4. The biggest sales machine wins: This is the most obvious point and rings true in many markets. For a young startup, product vision is of primary importance, but a well-oiled sales machine is a very close second. I have come across exemplary products that have not worked well in the market because they have little to no branding and struggle with a good sales rhythm. In the mobile ad world, successful startups built sales machines around great product. Sales funnels were created to make it easier for investors to push the ‘pedal to the metal’. The best way to figure out if your sales and marketing investments are profitable is by measuring your Customer Acquisition Costs and the CAC Payback Period. It can be calculated by dividing the sales and marketing costs of the previous time period (typically month or quarter) by the new annualized net gross margin added during the same time period. A CAC payback period of 24-36 months is a cause for concern while a period of under 6 months means you should invest more money immediately because your customers are very profitable within the first year. We have written at length about building a revenue engine, so please feel free to reference some of these findings on our website. Another sales feature to monitor is pricing. For listening tools, charging based on volume makes sense but helping brands budget in advance is a necessary customer service element. All large brands have to budget marketing spend months before they deploy it; when pricing becomes unpredictable, they will go with the more stable pricing model even if your product is better.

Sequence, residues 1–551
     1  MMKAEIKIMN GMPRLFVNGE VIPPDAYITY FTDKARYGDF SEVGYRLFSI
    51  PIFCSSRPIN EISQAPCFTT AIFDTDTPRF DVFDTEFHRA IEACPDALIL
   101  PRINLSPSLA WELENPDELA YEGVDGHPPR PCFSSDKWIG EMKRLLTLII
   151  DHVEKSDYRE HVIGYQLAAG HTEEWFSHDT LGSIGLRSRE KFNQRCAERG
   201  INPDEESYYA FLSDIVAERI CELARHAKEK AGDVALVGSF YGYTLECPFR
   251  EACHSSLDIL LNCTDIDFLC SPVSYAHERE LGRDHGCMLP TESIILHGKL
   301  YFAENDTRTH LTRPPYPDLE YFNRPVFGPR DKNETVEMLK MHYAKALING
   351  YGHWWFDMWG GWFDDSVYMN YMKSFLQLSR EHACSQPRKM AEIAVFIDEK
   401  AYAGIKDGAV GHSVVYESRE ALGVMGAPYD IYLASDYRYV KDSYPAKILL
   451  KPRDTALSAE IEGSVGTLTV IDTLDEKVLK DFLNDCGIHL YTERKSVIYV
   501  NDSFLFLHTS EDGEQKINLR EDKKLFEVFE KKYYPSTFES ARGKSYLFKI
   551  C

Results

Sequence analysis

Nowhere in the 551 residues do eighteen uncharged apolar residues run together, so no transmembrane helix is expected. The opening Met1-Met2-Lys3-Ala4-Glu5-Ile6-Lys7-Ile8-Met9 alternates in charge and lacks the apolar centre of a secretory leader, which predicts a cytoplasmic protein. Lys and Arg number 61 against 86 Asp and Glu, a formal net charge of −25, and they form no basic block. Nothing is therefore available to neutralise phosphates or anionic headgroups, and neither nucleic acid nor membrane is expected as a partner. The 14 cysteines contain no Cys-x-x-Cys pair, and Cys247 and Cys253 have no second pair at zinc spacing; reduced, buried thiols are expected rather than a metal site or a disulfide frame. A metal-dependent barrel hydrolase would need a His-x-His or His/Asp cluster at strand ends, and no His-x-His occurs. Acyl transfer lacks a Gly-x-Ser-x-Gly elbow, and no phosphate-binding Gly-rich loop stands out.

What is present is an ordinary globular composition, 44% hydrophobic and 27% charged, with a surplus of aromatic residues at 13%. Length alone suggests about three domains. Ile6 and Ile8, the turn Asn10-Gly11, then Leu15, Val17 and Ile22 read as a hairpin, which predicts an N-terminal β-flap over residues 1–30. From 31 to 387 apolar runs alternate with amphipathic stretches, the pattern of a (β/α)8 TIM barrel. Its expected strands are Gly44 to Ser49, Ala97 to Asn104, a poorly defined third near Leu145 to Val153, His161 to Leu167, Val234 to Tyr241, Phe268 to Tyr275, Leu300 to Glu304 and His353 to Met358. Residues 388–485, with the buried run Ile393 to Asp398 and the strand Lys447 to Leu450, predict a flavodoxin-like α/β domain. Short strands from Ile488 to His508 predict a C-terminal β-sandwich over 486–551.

As always, comments and feedback welcome. Hope a little veteran knowledge is helpful to those investing and or building in the space.
This is the worst advice I have ever received. And I’ve found that a lot of people in their mid to late 20’s feel the same way.
Since the first day of college, passion was the law of the land. We were told to “Read!”, “Learn!”, “Explore!”. We had four years to run after what we found most inspiring. It sounds easy enough, doesn’t it? A four year paradise of space and time to think. The reality, however, is much of the opposite.
I found 20% of my friends ignoring the advice all together, for a whole host of reasons which included but were not limited to: financial obligations, overbearing parents, or simply, peer pressure. These students usually majored in marketable degrees (i.e. engineering, finance, biology.)
10% of my friends took the easiest route - well aware that college would be a once in a lifetime opportunity that they did not want to squander away to pressure. These friends majored in “easy A” classes and spent most of their time traveling or getting to know fellow classmates. They had little direction but embraced the chaos and blurriness.